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- The walls of all the rooms was plastered, and most had carpets on the floors, and the whole house was whitewashed on the outside.Chapter 17 (98% in)
- ...sickly grass-patches in the big yard, but mostly it was bare and smooth, like an old hat with the nap rubbed off; big double log-house for the white folks—hewed logs, with the chinks stopped up with mud or mortar, and these mud-stripes been whitewashed some time or another; round-log kitchen, with a big broad, open but roofed passage joining it to the house; log smoke-house back of the kitchen; three little log nigger-cabins in a row t'other side the smoke-house; one little hut all by...Chapter 32 (9% in)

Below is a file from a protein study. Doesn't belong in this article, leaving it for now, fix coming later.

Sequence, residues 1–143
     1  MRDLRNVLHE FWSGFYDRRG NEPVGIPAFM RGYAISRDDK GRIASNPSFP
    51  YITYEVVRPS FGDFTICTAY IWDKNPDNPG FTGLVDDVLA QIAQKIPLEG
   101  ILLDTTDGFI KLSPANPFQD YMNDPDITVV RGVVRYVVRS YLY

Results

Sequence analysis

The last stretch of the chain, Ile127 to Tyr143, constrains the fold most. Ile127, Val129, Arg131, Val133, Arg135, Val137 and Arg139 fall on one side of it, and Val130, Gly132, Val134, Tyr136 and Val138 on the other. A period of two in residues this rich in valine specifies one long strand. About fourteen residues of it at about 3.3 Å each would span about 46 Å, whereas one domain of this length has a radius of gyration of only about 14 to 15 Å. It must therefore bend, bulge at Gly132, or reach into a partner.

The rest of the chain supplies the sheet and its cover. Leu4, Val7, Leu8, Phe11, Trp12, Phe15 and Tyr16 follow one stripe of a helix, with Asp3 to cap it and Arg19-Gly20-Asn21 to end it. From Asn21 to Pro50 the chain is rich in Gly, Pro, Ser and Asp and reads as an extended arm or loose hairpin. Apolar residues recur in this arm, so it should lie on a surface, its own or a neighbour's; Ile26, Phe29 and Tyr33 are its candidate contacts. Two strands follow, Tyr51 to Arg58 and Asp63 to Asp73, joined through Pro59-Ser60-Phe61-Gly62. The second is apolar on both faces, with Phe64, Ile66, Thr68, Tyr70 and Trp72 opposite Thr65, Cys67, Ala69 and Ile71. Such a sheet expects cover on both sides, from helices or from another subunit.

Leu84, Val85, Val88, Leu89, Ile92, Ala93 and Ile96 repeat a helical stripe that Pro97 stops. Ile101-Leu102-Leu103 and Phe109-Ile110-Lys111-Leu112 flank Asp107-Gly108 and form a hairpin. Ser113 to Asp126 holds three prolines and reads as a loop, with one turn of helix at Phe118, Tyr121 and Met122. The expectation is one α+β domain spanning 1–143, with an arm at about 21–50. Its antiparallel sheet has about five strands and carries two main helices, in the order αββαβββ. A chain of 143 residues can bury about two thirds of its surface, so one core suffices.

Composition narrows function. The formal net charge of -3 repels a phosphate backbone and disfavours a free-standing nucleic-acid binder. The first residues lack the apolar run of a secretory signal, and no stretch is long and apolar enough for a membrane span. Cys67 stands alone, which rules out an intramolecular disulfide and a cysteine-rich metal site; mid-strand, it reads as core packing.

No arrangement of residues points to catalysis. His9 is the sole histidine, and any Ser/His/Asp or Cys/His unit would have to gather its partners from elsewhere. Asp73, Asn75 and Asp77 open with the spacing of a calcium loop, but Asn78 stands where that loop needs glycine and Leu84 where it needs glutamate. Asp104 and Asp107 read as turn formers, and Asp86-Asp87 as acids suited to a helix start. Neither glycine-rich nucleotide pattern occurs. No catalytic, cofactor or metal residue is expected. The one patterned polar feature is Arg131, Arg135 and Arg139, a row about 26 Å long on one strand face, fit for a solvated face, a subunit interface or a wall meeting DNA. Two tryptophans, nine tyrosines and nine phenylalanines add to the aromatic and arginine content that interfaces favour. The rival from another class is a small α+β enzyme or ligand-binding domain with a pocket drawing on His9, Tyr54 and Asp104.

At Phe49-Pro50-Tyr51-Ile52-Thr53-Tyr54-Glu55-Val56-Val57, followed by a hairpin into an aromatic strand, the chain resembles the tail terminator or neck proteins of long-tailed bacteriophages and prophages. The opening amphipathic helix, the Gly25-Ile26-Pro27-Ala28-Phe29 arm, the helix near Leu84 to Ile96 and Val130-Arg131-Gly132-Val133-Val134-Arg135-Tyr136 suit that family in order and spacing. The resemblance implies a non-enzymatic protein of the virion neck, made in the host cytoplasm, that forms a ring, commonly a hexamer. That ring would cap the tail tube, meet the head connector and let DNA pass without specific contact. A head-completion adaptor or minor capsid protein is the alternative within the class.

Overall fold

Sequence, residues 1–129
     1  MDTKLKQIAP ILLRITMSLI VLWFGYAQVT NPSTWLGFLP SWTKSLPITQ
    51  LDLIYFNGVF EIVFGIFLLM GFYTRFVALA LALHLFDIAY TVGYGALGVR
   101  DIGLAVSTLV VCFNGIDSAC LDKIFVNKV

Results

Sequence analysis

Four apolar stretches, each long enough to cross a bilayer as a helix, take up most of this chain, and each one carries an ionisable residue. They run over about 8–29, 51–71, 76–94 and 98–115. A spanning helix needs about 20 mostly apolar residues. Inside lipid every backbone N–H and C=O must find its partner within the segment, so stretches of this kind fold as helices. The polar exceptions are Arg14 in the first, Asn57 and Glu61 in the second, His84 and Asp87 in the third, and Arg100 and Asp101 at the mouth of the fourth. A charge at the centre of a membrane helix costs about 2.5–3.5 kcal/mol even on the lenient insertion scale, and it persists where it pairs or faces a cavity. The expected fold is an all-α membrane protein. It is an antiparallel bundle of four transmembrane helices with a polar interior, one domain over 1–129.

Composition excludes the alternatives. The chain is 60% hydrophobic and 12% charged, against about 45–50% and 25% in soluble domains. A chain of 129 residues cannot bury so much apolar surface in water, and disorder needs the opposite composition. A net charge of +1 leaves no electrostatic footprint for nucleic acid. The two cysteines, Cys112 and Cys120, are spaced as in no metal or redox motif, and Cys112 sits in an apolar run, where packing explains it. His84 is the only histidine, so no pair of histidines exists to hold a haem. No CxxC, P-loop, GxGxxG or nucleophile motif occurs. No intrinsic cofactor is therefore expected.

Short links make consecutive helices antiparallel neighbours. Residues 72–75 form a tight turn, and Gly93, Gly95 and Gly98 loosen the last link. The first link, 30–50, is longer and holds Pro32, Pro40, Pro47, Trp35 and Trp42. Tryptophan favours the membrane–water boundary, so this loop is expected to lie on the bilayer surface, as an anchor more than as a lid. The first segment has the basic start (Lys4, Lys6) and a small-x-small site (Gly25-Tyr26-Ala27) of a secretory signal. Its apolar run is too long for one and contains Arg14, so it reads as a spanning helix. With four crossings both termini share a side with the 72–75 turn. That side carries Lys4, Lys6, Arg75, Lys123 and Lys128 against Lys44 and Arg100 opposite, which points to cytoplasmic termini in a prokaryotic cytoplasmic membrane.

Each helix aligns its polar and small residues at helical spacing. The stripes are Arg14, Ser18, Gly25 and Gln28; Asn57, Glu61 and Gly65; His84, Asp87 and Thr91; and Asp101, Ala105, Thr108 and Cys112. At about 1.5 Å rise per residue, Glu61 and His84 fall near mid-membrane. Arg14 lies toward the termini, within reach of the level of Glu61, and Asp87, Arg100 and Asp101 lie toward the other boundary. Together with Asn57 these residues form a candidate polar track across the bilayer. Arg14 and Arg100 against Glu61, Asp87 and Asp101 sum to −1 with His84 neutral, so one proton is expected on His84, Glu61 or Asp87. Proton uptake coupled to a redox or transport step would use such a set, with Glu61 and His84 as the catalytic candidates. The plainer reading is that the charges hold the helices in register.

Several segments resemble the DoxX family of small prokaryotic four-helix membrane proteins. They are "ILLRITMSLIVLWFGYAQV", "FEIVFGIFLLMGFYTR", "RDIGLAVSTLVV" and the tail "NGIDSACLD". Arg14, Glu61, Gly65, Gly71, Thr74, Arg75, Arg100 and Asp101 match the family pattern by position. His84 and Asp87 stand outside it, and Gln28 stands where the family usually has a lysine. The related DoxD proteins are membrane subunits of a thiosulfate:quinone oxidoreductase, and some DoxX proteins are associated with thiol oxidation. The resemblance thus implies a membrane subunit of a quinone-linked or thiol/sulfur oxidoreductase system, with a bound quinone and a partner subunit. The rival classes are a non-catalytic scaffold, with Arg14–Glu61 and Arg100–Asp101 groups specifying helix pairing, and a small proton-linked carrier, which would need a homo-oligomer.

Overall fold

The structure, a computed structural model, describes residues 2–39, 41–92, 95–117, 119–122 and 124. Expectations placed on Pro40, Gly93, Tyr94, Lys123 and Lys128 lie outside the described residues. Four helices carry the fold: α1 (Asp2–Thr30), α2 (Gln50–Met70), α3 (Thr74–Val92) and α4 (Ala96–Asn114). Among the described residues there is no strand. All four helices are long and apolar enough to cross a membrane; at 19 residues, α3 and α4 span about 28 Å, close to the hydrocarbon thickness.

There are no more uses of "whitewash" in The Adventures of Huckleberry Finn.
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